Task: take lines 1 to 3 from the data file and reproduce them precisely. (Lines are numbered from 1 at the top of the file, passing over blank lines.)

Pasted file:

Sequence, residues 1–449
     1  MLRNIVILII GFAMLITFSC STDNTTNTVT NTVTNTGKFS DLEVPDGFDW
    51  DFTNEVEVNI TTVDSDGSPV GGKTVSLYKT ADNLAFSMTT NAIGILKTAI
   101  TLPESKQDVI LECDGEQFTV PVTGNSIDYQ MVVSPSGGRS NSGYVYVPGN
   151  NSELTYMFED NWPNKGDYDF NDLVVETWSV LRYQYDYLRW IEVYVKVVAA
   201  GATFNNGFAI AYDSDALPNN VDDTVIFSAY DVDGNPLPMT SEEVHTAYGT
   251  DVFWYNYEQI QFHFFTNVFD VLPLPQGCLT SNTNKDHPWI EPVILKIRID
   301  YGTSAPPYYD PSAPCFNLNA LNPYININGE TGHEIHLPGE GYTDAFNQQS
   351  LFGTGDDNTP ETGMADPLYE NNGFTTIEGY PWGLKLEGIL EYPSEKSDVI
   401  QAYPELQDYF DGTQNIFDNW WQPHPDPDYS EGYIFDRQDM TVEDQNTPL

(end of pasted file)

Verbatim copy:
Sequence, residues 1–449
     1  MLRNIVILII GFAMLITFSC STDNTTNTVT NTVTNTGKFS DLEVPDGFDW
    51  DFTNEVEVNI TTVDSDGSPV GGKTVSLYKT ADNLAFSMTT NAIGILKTAI